Madame de Mauves, by Henry James

III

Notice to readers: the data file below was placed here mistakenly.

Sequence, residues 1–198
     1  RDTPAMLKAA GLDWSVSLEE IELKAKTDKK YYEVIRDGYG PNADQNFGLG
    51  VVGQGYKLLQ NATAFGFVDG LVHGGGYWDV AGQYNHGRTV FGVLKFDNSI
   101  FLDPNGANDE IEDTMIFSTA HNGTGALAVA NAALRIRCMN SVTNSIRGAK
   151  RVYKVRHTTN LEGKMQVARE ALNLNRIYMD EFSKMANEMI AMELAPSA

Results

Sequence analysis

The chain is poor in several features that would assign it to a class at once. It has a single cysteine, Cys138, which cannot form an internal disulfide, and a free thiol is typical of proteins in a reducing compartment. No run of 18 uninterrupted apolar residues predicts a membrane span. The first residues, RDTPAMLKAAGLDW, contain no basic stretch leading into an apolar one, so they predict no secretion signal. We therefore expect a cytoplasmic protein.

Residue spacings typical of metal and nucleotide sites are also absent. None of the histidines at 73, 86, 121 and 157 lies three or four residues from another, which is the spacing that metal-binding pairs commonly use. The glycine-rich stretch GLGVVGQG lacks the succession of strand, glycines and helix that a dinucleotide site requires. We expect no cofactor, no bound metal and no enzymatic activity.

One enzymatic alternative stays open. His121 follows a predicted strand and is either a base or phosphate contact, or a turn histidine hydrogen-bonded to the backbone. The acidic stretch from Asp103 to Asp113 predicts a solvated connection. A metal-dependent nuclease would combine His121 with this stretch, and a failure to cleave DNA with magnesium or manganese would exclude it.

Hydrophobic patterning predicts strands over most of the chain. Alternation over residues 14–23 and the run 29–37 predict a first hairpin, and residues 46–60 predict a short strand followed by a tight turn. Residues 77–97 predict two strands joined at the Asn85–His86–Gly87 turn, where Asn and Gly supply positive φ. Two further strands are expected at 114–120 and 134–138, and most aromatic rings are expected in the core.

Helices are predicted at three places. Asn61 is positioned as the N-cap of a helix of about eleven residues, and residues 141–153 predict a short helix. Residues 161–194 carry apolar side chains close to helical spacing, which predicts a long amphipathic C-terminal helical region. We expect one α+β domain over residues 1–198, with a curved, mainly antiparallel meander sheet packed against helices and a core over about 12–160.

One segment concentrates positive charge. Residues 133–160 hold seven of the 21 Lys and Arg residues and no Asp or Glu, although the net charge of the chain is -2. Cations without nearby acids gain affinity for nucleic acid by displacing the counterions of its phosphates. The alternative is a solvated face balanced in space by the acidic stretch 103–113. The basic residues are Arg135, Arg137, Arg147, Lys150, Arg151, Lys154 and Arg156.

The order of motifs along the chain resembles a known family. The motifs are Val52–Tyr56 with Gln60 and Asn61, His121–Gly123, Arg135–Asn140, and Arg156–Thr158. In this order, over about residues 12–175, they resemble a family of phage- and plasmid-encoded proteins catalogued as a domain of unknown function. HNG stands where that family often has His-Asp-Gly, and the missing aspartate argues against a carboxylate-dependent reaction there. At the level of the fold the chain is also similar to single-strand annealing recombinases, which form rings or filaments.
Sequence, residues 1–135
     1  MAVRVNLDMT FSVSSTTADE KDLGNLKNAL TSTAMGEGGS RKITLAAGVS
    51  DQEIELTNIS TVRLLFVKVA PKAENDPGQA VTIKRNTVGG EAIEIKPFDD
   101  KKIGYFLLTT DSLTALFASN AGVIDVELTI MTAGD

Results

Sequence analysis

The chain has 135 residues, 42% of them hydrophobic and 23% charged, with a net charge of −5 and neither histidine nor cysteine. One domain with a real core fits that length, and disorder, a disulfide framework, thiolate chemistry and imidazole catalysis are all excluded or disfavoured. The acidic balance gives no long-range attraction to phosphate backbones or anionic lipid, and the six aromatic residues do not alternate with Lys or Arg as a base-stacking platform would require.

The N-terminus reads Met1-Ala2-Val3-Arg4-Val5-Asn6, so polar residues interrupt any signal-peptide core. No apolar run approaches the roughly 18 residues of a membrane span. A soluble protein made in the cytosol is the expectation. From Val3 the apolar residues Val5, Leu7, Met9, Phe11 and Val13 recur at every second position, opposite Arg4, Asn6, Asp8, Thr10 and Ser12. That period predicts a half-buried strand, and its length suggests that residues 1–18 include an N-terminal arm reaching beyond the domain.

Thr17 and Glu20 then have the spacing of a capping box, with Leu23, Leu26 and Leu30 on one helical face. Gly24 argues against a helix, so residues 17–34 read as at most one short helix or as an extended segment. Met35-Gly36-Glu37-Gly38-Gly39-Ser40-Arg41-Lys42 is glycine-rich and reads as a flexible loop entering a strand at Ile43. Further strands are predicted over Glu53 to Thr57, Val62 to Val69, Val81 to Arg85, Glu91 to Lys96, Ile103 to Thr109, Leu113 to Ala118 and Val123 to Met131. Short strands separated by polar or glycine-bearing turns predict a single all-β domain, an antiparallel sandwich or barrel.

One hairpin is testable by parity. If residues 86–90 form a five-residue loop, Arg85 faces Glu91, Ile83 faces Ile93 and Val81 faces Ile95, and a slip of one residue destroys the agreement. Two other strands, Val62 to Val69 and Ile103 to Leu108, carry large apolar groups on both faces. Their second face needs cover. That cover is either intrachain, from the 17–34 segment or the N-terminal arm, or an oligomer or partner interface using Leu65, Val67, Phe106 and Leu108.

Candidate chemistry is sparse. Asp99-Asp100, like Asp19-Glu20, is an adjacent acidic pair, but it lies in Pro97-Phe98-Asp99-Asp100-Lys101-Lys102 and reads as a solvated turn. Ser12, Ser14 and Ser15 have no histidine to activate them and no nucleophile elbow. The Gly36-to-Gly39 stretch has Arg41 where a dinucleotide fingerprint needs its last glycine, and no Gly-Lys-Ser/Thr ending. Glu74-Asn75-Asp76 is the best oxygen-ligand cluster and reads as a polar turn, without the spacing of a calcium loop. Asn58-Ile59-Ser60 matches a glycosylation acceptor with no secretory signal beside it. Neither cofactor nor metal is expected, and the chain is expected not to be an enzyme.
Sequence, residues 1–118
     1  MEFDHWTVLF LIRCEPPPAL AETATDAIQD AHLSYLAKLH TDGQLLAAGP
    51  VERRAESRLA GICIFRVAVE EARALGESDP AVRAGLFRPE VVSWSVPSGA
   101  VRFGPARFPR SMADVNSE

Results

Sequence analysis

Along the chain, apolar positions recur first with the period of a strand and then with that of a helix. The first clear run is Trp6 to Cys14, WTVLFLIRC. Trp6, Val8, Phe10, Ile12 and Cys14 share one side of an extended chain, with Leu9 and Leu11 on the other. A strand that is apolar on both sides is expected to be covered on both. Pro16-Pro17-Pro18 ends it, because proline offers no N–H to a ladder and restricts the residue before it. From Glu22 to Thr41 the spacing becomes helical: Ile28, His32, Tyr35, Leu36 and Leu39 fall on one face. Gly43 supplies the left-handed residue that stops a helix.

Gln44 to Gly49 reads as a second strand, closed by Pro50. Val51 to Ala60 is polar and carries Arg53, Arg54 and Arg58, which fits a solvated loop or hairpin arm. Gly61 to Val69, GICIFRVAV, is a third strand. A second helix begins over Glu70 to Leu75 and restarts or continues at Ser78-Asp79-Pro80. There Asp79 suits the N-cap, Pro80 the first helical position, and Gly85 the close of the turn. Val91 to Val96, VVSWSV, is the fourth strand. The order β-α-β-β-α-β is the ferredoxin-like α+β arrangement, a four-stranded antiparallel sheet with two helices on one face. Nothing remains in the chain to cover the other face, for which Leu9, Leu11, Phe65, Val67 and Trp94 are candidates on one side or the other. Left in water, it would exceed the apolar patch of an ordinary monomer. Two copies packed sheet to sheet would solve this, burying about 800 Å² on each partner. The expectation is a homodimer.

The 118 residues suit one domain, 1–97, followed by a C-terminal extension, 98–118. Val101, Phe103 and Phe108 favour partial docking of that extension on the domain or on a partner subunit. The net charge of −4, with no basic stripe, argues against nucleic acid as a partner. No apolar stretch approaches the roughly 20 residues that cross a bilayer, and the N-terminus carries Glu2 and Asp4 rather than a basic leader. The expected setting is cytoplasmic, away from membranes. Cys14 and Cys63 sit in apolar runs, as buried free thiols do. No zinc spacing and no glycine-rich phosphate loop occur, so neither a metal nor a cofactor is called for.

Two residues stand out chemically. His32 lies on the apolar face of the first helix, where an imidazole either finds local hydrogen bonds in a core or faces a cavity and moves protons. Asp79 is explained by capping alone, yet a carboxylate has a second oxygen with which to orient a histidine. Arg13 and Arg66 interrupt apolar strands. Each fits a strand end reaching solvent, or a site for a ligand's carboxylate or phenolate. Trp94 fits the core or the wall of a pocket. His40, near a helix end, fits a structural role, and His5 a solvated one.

Longmore’s first visit seemed to open to him so large a range of quiet pleasure that he very soon paid a second, and at the end of a fortnight had spent uncounted hours in the little drawing-room which Madame de Mauves rarely quitted except to drive or walk in the forest. She lived in an old-fashioned pavilion, between a high-walled court and an excessively artificial garden, beyond whose enclosure you saw a long line of tree-tops. Longmore liked the garden and in the mild afternoons used to move his chair through the open window to the smooth terrace which overlooked it while his hostess sat just within. Presently she would come out and wander through the narrow alleys and beside the thin-spouting fountain, and at last introduce him to a private gate in the high wall, the opening to a lane which led to the forest. Hitherwards she more than once strolled with him, bareheaded and meaning to go but twenty rods, but always going good-naturedly further and often stretching it to the freedom of a promenade. They found many things to talk about, and to the pleasure of feeling the hours slip along like some silver stream Longmore was able to add the satisfaction of suspecting that he was a “resource” for Madame de Mauves. He had made her acquaintance with the sense, not wholly inspiring, that she was a woman with a painful twist in her life and that seeking her acquaintance would be like visiting at a house where there was an invalid who could bear no noise. But he very soon recognised that her grievance, if grievance it was, was not aggressive; that it was not fond of attitudes and ceremonies, and that her most earnest wish was to remember it as little as possible. He felt that even if Mrs. Draper hadn’t told him she was unhappy he would have guessed it, and yet that he couldn’t have pointed to his proof. The evidence was chiefly negative — she never alluded to her husband. Beyond this it seemed to him simply that her whole being was pitched in a lower key than harmonious Nature had designed; she was like a powerful singer who had lost her high notes. She never drooped nor sighed nor looked unutterable things; she dealt no sarcastic digs at her fate; she had in short none of the conscious graces of the woman wronged. Only Longmore was sure that her gentle gaiety was but the milder or sharper flush of a settled ache, and that she but tried to interest herself in his thoughts in order to escape from her own. If she had wished to irritate his curiosity and lead him to take her confidence by storm nothing could have served her purpose better than this studied discretion. He measured the rare magnanimity of self-effacement so deliberate, he felt how few women were capable of exchanging a luxurious woe for a thankless effort. Madame de Mauves, he himself felt, wasn’t sweeping the horizon for a compensation or a consoler; she had suffered a personal deception that had disgusted her with persons. She wasn’t planning to get the worth of her trouble back in some other way; for the present she was proposing to live with it peaceably, reputably and without scandal — turning the key on it occasionally as you would on a companion liable to attacks of insanity. Longmore was a man of fine senses and of a speculative spirit, leading-strings that had never been slipped. He began to regard his hostess as a figure haunted by a shadow which was somehow her intenser and more authentic self. This lurking duality in her put on for him an extraordinary charm. Her delicate beauty acquired to his eye the serious cast of certain blank-browed Greek statues; and sometimes when his imagination, more than his ear, detected a vague tremor in the tone in which she attempted to make a friendly question seem to have behind it none of the hollow resonance of absent-mindedness, his marvelling eyes gave her an answer more eloquent, though much less to the point, than the one she demanded.